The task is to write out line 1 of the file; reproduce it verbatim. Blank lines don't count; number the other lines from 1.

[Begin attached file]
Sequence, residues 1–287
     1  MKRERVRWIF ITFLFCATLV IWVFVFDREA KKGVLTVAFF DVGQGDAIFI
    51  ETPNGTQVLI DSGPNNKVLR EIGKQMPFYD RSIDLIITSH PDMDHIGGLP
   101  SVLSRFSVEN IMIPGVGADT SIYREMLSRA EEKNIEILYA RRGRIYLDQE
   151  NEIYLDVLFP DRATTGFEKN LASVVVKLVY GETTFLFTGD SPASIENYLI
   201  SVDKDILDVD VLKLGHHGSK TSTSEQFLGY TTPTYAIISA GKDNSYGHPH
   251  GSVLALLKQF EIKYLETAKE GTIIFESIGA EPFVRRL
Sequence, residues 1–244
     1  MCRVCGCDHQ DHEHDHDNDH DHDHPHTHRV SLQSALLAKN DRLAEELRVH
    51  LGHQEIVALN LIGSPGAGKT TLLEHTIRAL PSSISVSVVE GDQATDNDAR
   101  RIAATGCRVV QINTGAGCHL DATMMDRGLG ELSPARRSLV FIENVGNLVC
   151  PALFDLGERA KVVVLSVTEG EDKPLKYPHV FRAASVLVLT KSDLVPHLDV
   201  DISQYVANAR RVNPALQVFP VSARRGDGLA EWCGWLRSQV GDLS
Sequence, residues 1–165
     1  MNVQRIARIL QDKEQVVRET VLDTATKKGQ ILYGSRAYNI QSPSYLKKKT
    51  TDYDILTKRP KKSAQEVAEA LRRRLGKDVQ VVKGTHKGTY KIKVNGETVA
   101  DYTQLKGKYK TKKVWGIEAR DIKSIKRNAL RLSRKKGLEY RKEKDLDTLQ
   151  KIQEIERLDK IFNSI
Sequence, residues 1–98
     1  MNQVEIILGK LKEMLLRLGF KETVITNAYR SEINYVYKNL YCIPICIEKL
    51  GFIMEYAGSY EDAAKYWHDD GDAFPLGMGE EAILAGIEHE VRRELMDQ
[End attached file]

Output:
Sequence, residues 1–287